Journal Article


Dermot Brabazon
Saleem Hashmi
M.Z. Bukhari



materials new products thermal properties electronic engineering thermal effects electronic packaging aluminium silicon carbide electronic properties

The effects of sintering parameter to the microstructure and thermal properties of CuSiC composite for electronic packaging application (2013)

Abstract Microelectronics and nano-electronics play a prominent role in current technologies and will do so to a greater extent in the future. The availability of suitable new materials for the electronic packaging is critical to the continuing advancement (miniaturisation and integration) of electronic components. As matter of fact, a plethora of new products/processes have been brought-in over the last few years. Much of the materials and microstructure research related to packaging has involved investigation toward better thermal management. Miniaturisation of electronic chips which have increasing functionality within the same package size has inducedsignificant increases in requirements for extraction of heat from the integrated circuit (IC). Packaging materials therefore have to be capable to conduct heat efficiently and at the same time have low coefficient of thermal expansion (CTE) to minimize the thermal stress and warping. Since copper (Cu) is a better thermal conductor than aluminium (Al), therefore, copper should be the best candidate as thermal material. With the presence of silicon carbide (SiC) as reinforcement, copper silicon carbide (CuSiC) metal matrix composite (MMC) should be able to perform better as a heat spreader or a heat sink than aluminium silicon carbide (AlSiC) metal matrix composite. In the present study, the focus was toward development of light weight metal matrix composite with high ceramic contents, good thermal dissipation and easy of processability. Copper silicon carbide was chosen as the material basis for focused investigation to solve thermal management problems presented by current IC systems. Powder metallurgy routes were chosen to fabricate the MMC based on this materials system. Copper and silicon carbide powders were mixed together in a planetary ball mill, and the green articles were then compacted and sintered to produce the final product of CuSiC. The effects of sintering parameters were investigated for their effects towards the produced composite density, porosity and specific heat capacity. Sintering parameters investigated included temperature, heating duration and the gaseous environment. Upon sintering, the CuSiC particle bond to one another giving a higher strength and a possibility in attaining desirable density. The higher in density and the lower in porosity of the CuSiC composite, will create a low specific heat capacity characteristic which is closer to the specific heat capacity of pure copper (Cu). Thus to achieve the lower specific heat capacity, the amount of porosity in the CuSiC composite must be minimized through the optimization of the sintering parameters.Finally in a nutshell, in order to boost the specific heat capacity of the CuSiC, the recommended sintering parameter suggests that the CuSiC composite should be sintered at 950oC for seven hours in nitrogen gas.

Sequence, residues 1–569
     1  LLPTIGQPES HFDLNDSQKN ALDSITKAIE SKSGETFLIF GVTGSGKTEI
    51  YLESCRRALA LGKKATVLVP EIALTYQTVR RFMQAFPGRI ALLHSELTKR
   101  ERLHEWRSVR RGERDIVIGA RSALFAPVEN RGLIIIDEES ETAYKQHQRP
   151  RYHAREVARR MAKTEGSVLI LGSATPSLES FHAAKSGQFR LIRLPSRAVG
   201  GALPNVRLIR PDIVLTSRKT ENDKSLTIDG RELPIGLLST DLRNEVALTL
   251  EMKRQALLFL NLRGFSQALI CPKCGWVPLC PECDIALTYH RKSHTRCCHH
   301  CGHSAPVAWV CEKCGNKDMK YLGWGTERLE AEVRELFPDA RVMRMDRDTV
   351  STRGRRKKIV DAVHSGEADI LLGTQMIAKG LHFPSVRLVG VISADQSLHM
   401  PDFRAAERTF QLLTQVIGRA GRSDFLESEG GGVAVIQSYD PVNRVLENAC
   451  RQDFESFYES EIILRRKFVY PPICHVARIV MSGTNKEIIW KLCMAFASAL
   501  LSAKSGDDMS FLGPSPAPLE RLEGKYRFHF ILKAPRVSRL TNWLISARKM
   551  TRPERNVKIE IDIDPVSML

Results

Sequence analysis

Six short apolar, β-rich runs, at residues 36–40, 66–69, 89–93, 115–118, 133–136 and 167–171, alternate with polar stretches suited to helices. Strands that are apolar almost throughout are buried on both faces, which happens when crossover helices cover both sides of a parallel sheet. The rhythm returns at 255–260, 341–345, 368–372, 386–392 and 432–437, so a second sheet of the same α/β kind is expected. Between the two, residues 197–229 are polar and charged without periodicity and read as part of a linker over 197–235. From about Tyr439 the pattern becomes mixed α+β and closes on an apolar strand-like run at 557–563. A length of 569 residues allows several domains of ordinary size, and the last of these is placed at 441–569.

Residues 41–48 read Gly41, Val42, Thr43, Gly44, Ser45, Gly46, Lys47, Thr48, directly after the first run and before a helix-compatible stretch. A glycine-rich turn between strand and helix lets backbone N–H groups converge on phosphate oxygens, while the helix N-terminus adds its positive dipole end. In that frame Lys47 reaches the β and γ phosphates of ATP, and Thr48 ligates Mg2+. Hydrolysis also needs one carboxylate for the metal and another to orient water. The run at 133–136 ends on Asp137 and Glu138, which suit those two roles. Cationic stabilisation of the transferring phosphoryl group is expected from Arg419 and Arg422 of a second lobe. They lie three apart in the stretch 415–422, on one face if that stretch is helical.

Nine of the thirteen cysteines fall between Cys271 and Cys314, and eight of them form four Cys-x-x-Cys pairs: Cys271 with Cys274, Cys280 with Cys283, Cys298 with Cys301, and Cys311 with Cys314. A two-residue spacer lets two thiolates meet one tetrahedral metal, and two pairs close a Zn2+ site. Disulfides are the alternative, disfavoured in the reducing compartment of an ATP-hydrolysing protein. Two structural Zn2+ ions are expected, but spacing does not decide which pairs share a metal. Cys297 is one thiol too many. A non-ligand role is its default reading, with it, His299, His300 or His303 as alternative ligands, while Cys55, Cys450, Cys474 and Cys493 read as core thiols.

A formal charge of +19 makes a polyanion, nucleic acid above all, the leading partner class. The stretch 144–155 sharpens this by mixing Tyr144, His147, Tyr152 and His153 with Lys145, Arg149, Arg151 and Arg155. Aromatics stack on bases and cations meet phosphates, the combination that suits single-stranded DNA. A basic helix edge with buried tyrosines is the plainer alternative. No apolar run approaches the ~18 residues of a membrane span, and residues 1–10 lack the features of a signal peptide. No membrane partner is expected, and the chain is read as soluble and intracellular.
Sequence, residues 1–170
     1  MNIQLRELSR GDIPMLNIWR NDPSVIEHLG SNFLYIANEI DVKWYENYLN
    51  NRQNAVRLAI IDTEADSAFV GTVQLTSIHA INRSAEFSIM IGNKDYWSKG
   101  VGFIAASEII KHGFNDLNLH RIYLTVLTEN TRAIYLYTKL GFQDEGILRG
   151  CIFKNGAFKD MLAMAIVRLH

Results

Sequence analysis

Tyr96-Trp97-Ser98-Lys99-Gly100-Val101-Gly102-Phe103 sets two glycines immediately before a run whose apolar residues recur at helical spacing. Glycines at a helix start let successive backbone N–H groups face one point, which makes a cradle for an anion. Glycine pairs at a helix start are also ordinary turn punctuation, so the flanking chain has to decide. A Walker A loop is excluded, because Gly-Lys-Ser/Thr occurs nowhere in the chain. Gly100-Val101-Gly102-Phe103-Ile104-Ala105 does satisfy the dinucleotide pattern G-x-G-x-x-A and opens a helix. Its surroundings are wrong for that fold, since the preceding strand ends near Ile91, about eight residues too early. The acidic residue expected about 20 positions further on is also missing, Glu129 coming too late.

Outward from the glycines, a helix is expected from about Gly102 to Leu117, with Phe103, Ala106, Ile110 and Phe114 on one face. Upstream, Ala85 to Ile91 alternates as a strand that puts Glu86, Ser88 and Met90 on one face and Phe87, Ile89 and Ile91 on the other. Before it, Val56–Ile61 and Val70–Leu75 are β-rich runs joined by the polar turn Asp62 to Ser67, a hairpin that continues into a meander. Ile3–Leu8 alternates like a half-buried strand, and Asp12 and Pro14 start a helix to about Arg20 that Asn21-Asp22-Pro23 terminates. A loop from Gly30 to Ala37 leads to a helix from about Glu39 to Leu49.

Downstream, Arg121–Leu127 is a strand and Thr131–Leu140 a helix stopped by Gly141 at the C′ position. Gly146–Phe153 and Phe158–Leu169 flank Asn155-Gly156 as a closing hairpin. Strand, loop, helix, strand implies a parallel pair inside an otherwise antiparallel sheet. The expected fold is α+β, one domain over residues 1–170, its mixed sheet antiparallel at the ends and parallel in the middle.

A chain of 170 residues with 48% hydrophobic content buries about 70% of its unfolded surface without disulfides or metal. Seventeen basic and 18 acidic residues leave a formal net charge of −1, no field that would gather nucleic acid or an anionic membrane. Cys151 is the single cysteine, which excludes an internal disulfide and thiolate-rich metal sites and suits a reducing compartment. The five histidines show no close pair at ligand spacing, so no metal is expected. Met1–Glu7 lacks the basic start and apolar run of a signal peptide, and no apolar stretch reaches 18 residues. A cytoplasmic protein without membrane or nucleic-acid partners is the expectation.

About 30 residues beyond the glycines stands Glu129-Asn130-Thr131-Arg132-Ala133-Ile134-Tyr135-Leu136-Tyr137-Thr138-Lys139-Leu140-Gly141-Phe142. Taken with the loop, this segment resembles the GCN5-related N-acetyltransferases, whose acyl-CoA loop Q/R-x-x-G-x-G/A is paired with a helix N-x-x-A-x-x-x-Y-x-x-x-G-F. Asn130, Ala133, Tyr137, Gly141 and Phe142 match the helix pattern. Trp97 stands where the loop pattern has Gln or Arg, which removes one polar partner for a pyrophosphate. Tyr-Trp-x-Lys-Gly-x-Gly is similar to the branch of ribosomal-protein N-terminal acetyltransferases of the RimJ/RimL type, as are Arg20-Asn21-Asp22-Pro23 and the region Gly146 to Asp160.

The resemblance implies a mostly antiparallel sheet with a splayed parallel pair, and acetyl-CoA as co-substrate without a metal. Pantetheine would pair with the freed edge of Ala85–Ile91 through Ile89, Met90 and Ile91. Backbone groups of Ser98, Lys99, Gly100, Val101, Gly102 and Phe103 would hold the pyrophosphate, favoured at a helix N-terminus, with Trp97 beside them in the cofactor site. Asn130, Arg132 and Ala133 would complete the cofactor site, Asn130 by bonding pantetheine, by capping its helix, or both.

Collections Ireland -> Dublin City University -> Publication Type = Article
Ireland -> Dublin City University -> DCU Faculties and Centres = DCU Faculties and Schools
Ireland -> Dublin City University -> Subject = Engineering: Electronic engineering
Ireland -> Dublin City University -> Status = Published
Ireland -> Dublin City University -> DCU Faculties and Centres = DCU Faculties and Schools: Faculty of Engineering and Computing: School of Mechanical and Manufacturing Engineering
Ireland -> Dublin City University -> DCU Faculties and Centres = DCU Faculties and Schools: Faculty of Engineering and Computing
Ireland -> Dublin City University -> Subject = Engineering: Materials
Ireland -> Dublin City University -> Subject = Engineering

Full list of authors on original publication

Dermot Brabazon, Saleem Hashmi, M.Z. Bukhari

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Dermot Brabazon
Dublin City University
Total Publications: 162